Peter Burns, an active member of Amnesty International Australia since the 1970s, passed away on 14 March 2018. I had the privilege of being invited by Beverley and the family to assist them in planning the celebration of Peter’s life, which was held on the 21st of March at the Woongarra Crematorium Chapel in Townsville.
We began our celebration with an acknowledgement of the traditional owners, the Wulgurukaba and Bindal people. Following that we had a “muster” of all the groups represented which was an impressive indication of the breadth of Peter’s passions and interest. There were people there from the University of the Third Age (U3A), from James Cook University (JCU) where Peter taught Indonesian for many years, from the Indonesian community of Townsville, from the Townsville Arts community, from the Townsville Amnesty group, and from the Australian Labor Party, of which Peter had been a member for even more years than he had been a member of Amnesty.
Andrew Burns gave a moving tribute to his father. We learnt that Peter was born in Adelaide in 1934. He moved to Melbourne after World War II where he studied Dentistry for two years and then completed a Primary Teacher’s certificate. On the basis of the science subjects he studied as part of his Dentistry studies, he soon found himself teaching science at Bright High School where Beverley Nicholson was Principal.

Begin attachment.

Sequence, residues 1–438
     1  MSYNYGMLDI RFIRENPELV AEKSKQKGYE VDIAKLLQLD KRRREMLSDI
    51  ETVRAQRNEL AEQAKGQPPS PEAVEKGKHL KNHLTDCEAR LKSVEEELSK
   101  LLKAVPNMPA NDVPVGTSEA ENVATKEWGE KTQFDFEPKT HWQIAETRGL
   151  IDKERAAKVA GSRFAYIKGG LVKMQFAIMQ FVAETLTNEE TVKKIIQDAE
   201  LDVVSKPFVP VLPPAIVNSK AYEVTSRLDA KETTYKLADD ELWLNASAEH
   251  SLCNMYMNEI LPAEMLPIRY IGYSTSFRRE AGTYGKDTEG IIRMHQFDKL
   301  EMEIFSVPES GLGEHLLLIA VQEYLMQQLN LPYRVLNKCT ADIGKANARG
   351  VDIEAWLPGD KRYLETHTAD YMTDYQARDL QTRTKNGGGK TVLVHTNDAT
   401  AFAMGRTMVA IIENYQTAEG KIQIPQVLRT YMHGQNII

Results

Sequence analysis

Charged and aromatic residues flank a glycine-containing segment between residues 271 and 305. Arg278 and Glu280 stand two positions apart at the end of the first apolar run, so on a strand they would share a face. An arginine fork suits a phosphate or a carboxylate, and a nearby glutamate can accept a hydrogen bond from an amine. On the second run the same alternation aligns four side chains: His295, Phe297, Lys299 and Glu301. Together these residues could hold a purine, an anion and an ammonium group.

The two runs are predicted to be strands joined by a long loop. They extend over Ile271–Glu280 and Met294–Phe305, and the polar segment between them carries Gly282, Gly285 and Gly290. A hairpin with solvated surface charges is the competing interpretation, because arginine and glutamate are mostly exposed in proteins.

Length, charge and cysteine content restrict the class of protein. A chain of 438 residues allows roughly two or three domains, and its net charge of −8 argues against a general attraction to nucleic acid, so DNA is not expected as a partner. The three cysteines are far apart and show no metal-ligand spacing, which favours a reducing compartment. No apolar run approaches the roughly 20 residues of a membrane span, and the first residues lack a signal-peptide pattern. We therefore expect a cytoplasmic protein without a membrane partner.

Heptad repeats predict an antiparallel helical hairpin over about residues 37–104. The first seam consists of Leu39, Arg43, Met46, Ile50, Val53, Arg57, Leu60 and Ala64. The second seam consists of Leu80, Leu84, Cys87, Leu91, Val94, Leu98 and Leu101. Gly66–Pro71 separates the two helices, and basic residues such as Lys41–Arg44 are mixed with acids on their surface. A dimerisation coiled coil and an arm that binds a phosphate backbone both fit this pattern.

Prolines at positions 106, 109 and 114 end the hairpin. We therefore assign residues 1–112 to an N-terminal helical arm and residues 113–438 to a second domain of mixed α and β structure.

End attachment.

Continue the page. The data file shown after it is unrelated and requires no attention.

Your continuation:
In Andrew’s words: “The prospect of marrying Peter must have had quite some allure because the immediate professional consequences for Beverley were so disadvantageous. When they married in January 1960, regulations then in place resulted in Beverley becoming a temporary teacher while Peter became head of the school.”
So that Peter could complete his education degree, Peter and Beverley moved back to Melbourne where Peter commenced his studies of Indonesian which became his passion for the next 50 years. Peter, Beverley and their sons Andrew, David and Stephen, moved to Townsville in 1974 where Peter was an Indonesian Language lecturer at JCU until his retirement in 1996.
One of Peter’s attributes that Andrew especially admired was Peter’s sincerity to his commitments. Andrew reminded us of his father’s regular presence at the weekly “Fridays in orange” vigils that the Townsville Amnesty group held outside the office of Federal MP Peter Lindsay. We were calling on the Australian Government to ensure that David Hicks be given a fair trial or be released from imprisonment at Guantanamo Bay. We wore orange because this was the colour of the jumpsuits worn by Guantanamo inmates. Each week Peter would repaint a large board which gave the number of days David Hicks had been detained without trial. Andrew told us that the Board was still in the back shed with the number 1937 painted on it.
(Fridays in orange – by then David Hicks had spent 1860 days in detention)
Andrew also told us that Peter had been a member of the group that successfully lobbied then-Queensland Transport Minister Russ Hinze to introduce the first bike paths to Townsville.
Andrew paid tribute to Beverley’s caring for Peter as he endured the ravages of Parkinson’s disease. Peter had had Parkinson’s disease for eight years. Towards the end of his life Peter was physically frail but he was spared the terrible mental deterioration that afflicts so many sufferers. Peter continued to enjoy Crosswords until two months before his passing. Andrew’s concluding words were “I will miss Peter. I will miss his curiosity, his generosity of spirit and our conversations profoundly.”